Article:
We have gone back into owning pigs after a gap of 5 years or so. We had so much excess produce from our hydroponic set up that we decided to get a couple of "waste disposal units". We bought in a couple of Oxford Sandy and Black weaners and then a couple of weeks later bought a couple of weaners of mixed parentage. We are against nose ringing so have to put up with our fields being ploughed by piggy noses. When they tear off the grass turf and soil we collect it up,put it in old builders bags that contain a ton and then leave it over winter. In the spring we plant spuds in them and they certainly produce well. The pigs come into the barn at night for feeding and general checkover and are let out in the morning. We clean their stalls out once a week and the   manure and straw get bedded down in an old greenhouse for growing beans and one section for mushroom cultivation. The cycle of country living that is sadly being eroded by incursion of bureaucratic nonsense and imbecilic regulation.
Just my little moan
Welshdragon.

Malc

  • Joined Oct 2007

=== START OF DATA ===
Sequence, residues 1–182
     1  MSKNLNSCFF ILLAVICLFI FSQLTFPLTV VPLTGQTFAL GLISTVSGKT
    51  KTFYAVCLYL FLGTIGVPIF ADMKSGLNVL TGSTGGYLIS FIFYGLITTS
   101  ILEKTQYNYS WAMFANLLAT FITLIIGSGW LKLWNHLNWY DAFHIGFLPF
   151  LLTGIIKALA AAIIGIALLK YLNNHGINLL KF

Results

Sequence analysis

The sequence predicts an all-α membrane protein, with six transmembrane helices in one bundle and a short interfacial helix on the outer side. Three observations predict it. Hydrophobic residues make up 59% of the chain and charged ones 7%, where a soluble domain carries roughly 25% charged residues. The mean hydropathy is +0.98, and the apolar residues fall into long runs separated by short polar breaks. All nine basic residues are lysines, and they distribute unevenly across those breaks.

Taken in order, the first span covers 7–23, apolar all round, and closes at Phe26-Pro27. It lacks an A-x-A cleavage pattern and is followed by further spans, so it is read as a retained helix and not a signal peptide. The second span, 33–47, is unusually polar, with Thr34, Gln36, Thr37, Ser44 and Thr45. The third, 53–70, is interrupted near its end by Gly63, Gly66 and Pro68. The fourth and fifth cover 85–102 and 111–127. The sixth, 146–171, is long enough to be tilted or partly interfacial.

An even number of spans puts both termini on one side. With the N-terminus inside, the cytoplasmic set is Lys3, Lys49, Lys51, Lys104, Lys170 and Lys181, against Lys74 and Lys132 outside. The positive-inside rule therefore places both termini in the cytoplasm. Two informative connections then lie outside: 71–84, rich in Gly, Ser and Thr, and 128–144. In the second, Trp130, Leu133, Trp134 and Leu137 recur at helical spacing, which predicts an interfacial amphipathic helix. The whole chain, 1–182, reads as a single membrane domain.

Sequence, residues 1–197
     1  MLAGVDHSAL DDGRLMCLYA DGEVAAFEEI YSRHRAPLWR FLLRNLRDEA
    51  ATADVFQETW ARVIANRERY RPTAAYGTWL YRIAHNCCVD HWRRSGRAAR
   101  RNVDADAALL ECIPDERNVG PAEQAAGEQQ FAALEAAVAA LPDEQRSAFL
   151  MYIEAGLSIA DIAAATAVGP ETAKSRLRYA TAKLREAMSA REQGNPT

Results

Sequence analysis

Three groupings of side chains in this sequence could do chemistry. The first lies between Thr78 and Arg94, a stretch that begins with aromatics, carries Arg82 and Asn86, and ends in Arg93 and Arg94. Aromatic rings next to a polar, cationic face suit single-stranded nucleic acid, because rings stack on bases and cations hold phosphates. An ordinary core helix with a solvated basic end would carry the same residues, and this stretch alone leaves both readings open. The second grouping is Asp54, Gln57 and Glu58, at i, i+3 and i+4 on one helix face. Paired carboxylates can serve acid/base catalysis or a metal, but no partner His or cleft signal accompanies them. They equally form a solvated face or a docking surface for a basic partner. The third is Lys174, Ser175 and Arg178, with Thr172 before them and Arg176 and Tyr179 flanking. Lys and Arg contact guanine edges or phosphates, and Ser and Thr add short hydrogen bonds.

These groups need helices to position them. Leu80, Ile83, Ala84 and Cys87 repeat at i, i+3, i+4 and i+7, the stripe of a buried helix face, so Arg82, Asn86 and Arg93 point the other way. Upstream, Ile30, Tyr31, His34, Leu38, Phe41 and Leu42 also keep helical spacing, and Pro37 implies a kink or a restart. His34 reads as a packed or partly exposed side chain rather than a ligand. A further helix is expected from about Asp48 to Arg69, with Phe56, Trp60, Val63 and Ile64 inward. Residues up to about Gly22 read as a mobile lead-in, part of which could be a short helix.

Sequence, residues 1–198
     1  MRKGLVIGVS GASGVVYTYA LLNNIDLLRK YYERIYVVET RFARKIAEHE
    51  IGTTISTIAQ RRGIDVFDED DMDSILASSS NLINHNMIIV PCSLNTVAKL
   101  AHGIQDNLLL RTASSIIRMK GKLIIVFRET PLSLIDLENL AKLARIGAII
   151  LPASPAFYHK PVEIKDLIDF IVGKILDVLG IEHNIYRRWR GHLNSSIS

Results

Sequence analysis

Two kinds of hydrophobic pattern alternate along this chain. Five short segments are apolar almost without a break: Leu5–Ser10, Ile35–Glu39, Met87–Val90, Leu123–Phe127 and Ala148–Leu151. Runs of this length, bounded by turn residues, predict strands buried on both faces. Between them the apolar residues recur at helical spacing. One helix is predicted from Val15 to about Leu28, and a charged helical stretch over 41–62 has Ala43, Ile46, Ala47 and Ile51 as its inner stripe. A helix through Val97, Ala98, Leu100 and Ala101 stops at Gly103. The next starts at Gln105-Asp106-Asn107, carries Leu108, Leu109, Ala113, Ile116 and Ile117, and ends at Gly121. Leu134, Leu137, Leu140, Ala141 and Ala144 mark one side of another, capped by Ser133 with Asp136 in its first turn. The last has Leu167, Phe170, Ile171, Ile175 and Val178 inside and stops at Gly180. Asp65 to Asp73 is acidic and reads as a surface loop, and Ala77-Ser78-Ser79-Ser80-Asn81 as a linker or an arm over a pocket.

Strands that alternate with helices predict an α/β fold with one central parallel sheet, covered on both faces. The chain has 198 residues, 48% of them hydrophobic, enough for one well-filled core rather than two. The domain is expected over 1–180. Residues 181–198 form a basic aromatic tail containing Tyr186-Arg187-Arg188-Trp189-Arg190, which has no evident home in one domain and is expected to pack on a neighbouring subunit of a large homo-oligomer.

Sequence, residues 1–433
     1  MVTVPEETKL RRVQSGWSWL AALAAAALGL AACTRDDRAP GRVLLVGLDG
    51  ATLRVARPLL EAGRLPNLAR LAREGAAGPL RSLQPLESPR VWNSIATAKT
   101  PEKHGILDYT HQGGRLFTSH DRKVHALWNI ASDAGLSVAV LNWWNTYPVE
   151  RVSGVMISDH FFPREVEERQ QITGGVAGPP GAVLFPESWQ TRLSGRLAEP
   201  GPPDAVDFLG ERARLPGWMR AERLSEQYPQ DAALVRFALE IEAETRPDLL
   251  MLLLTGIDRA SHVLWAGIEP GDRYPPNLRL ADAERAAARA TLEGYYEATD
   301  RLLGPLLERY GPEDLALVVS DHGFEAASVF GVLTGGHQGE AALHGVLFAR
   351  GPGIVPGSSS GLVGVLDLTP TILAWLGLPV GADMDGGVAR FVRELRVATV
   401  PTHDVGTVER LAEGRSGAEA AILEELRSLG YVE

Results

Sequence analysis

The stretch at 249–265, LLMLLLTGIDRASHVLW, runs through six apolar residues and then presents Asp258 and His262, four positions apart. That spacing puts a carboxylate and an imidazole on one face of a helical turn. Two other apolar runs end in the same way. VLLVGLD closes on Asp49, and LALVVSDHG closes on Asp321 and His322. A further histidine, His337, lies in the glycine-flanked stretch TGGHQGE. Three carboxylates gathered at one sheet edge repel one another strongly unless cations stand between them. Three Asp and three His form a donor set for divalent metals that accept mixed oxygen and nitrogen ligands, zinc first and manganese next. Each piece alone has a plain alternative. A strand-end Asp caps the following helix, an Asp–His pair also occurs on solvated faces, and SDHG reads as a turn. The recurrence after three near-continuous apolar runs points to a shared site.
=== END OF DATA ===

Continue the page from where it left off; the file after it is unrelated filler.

• The Edge of Nowhere
Re: What breed pigs?
« Reply #19 on: October 29, 2007, 10:53:30 am »
Carol Harris's book is very good and has loads of relevant advice, but for day-to-day I prefer Andy Case's Starting With Pigs. It has less detail, but all the really important stuff is in there and it's a more manageable size.

As far as what breed - my limited experience would steer me away from Tamworths as a first pig - too skittish, fast and likely to escape. I'm keener on Large Blacks and Saddlebacks. But it really is a matter of taste. As with any rare breed animal, I find keepers are almost evangelical in their support of their breed.


pigsatlesrues

  • Joined Oct 2008
  • Normandy, France
Re: What breed pigs?
« Reply #20 on: October 29, 2007, 11:53:54 am »
I would have to disagree with Malc regarding his comments about Tamworths.

 If there was ever a laid back pig it has to be the Tammy. Our worst nightmare is Laura our Saddleback who will crash any fence at the sight of a bucket and regularly nips my bum. Our Saddleback/Tamworth Crosses all take after their Tammy side and love nothing better than their head on my lap havng their ears tickled, or good old fashioned belly rubs. I think if you spend time with any pig you will reap the rewards. If you show them ongoing affection then they will come looking for it.